Service Dogs by Warren Retrievers pushed us to get out there and start fund raising saying that we’d have just a month to get the $25,000 raised. Something about that just didn’t sit right with me and I started doing some research. It was then that I found there was pending litigation against the organization in dozens of states. The TV show Dr Phil had the owner on his show to face accusations about his organization being a scam.
What this organization does is deliver a 16-week-old puppy to your home, completely untrained, and then sends a representative to you for a week at a time, 3-4 times a year, to train your “service dog” to your needs. It would have been our responsibility to pay for the travel, food, and lodging for each of these visits. What you really end up with is an extremely expensive pet that may or may not become the service dog your family needs.
We spoke out to the local community about our outrage of being deceived by Service Dogs of Warren Retrievers and was approached by Tony Neal of Pawzible Solutionz. Tony is an Air Force veteran who served multiple tours in Iraq and Afghanistan as an Military Dog Handler working with an explosive detector dog. While in the service, Tony trained dogs to find explosives, but has now put those skills to use to train service dogs.
Our service dog, Kona, is being trained to act as an anchor to keep Kelsen from darting through a parking lot or running through a store. She will also work to intervene between Kelsen and others when he is acting out to help separate him and provide distance. She will then work to lean against him or lay on his lap to provide the sensory pressure he needs to calm himself. Additionally, she’ll be a constant companion both at home and at school to help combat the loneliness and isolation of growing up with autism.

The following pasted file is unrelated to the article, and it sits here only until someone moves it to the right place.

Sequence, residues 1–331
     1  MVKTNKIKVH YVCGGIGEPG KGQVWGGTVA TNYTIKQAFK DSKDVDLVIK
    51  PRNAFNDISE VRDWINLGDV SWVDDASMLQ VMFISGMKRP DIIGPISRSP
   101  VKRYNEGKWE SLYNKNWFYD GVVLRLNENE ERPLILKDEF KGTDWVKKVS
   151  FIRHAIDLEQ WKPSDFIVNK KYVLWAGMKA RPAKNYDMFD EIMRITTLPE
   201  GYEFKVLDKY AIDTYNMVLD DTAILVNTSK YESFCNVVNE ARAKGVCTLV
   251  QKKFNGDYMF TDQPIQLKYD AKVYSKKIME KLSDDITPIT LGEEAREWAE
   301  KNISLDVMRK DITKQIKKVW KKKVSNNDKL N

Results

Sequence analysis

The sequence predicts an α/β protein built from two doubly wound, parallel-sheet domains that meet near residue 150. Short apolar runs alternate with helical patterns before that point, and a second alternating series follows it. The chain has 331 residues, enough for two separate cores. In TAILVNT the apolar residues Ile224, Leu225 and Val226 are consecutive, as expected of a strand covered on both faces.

Even though we have terrific medical coverage through my employer, raising a son with autism is challenging not just from the emotional perspective, but financial as well. Our family’s medical expenses in 2016 were almost $15,000 out of pocket after our insurance provider paid their portion. Kelsen is on a gluten-free and dairy-free diet to help with his behavioral issues, requires frequent visits with multiple therapists and doctors, as well as prescription vitamins and medications.
We’re asking for your help in raising money for a properly trained service dog. We have purchased the dog, a german shepherd we named Kona, from a couple who breeds them specifically for use as service dogs, but over the course of the next year, as it is being trained by Pawzible Solutionz, there will be roughly $25,000 to raise. Pawzible Solutionz is putting no pressure on us to have this money to them by a certain time, but once this hurdle is passed, it will be one less worry on our family.
This is Kelsen today, a very happy 5-year-old boy. He has made a tremendous amount of progress since being diagnosed with autism 2 years ago. When I look at all he’s accomplished, I’m extremely proud of things most other parents likely take for granted. Roughly 6 months ago, he told me he loved me, completely unprompted, and gave me a hug. It’s moments like that that make me keep getting up in the morning. It is completely possible for Kelsen to grow out of his diagnosis. He might need some special accommodations along the way, but there’s no reason to believe he may not live a normal life with enough help now in his development.
If you could help us with a donation of any amount toward the training of Kelsen’s service dog, we would be truly grateful. Thank you.